Kenney, David

It used to be that building an online presence for your youth ministry was expensive and somewhat difficult to maintain, but not anymore. Say goodbye to the dot-corn and hello to the blog-a simple forum-style Web site that enables visitors to comment on what’s posted.

Blogs are to dot-corns what MP3 players are to Walkmans. So even if you have a regular Web site, think about having a blog site too, for the sake of building an online community.

Begin by checking out one of the free blogging sites, such as blogspot.com or blog.com, and setting up an account. It takes hardly any time at all to get started. I write up my stories, articles, and news in a word processing program and then just cut and paste these into the online blog editor. Once you have a template and a few articles, you’ll see how easy it is.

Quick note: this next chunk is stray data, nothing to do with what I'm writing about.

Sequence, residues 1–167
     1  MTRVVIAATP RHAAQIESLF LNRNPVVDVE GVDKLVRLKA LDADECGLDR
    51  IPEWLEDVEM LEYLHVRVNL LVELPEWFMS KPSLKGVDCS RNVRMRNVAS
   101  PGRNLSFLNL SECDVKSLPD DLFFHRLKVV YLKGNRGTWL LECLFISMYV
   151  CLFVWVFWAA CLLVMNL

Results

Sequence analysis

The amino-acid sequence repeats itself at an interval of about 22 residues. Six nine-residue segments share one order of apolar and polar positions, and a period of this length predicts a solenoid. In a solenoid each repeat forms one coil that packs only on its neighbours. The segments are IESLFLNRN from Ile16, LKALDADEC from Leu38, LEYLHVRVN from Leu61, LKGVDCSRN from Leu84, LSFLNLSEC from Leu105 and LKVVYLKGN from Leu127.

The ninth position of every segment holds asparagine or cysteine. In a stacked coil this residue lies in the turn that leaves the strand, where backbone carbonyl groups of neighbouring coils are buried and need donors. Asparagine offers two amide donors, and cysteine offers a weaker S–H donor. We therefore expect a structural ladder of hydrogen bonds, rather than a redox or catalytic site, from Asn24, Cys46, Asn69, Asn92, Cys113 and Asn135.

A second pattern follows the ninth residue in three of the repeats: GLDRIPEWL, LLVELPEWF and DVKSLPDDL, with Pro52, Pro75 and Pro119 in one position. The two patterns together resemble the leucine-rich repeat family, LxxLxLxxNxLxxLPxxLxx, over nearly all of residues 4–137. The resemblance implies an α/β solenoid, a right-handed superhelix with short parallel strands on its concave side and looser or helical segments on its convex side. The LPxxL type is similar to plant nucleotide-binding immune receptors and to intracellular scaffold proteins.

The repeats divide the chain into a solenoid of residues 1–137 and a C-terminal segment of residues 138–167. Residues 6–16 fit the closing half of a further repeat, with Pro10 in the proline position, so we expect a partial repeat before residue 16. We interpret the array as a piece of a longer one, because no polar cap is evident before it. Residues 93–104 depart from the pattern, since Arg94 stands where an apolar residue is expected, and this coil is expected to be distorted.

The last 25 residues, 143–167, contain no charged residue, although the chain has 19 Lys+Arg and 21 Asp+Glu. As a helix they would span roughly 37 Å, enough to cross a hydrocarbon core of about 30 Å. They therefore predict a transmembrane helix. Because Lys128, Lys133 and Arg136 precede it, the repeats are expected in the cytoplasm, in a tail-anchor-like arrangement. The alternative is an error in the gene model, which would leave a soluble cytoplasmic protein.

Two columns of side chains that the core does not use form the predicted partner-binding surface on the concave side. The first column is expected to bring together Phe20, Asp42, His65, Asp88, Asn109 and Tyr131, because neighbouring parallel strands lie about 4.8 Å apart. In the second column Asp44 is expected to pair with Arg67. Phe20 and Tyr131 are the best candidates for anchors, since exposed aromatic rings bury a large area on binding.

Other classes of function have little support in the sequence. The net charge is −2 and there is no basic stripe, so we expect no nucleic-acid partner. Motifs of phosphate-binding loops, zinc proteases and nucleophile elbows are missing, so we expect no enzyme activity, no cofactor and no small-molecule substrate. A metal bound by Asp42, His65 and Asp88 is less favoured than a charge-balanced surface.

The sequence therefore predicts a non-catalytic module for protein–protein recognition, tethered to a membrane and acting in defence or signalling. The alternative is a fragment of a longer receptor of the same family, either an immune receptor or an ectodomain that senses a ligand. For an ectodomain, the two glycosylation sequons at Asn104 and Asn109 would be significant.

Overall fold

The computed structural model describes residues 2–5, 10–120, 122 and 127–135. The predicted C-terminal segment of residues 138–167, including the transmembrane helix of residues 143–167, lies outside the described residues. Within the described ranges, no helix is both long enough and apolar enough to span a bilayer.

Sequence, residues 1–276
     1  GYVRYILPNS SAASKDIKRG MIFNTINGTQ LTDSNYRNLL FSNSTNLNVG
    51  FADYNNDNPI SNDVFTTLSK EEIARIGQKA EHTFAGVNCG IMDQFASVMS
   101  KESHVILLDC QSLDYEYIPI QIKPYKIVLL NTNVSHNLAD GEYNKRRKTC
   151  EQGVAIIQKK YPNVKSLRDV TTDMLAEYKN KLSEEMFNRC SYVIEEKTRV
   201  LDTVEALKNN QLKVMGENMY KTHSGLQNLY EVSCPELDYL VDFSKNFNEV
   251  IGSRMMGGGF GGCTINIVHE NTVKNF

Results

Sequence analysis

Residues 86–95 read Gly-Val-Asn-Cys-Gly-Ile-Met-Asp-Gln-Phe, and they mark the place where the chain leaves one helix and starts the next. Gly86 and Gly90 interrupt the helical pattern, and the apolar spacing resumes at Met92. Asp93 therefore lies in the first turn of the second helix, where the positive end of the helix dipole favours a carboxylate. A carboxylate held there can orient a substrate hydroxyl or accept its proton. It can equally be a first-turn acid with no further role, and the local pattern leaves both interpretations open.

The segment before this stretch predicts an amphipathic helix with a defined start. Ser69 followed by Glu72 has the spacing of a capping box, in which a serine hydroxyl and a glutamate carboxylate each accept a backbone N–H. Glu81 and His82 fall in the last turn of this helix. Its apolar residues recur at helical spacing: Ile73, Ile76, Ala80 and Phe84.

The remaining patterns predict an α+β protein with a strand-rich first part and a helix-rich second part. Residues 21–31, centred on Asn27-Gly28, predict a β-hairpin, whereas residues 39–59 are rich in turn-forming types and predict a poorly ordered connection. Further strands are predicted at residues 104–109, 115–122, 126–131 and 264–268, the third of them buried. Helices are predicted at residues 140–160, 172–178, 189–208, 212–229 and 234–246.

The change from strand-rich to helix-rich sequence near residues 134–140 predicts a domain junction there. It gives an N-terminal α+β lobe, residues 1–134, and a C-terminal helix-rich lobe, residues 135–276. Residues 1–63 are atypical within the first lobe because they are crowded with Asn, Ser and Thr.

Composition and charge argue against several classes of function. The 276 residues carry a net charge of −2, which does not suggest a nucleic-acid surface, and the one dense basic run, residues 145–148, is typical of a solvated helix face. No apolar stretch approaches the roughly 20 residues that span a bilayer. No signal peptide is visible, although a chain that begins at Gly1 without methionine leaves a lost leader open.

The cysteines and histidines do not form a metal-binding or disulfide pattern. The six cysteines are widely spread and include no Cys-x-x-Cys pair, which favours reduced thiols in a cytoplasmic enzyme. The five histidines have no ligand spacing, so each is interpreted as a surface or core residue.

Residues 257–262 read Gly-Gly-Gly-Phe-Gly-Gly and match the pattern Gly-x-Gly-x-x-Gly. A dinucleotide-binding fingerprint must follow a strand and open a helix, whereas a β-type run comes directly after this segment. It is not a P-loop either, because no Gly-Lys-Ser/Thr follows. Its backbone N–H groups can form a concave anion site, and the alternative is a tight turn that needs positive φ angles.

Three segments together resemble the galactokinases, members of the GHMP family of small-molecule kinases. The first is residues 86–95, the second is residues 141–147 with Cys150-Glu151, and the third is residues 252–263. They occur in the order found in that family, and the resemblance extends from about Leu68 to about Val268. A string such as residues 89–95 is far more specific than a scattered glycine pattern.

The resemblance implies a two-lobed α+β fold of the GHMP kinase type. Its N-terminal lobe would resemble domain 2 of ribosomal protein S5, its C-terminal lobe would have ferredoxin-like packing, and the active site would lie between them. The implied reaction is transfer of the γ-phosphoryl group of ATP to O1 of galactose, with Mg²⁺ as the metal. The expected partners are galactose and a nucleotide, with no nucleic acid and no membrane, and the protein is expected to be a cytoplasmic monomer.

Remember to keep it simple. Your students will use the site if it has current information, and so will their parents. A blog lets you delete old announcements and create new ones with just a click of a button. It won’t take you more than a half hour a week to have a successful site that’s professional looking and user-friendly. Here are a few creative “launching points” for you:

* Books-Post information about the books that you use for lessons. I include a link where kids can buy the books online.

* Reviews-Let students know what you think about the media and music you’re into. If you can pull a spiritual truth from the latest blockbuster, do an online lesson.

* Lessons-Post all your lessons so kids who missed a day or who just want copies can access them.

* Links-Create links to sites that you and your students visit. Find an online Bible Web site and an online devotional site. Be sure to include fun stuff, too-links to bands, record labels, popular TV shows, and so on.

* Feedback-Encourage kids to post their thoughts and concerns. You’ll need to be diligent about checking the site often, but this is what makes the site a community. You’ll find that the more you update and advertise the site, the more often kids will visit.

DAVID KENNEY Los Angeles, California

Copyright Group Publishing, Inc. Nov/Dec 2005

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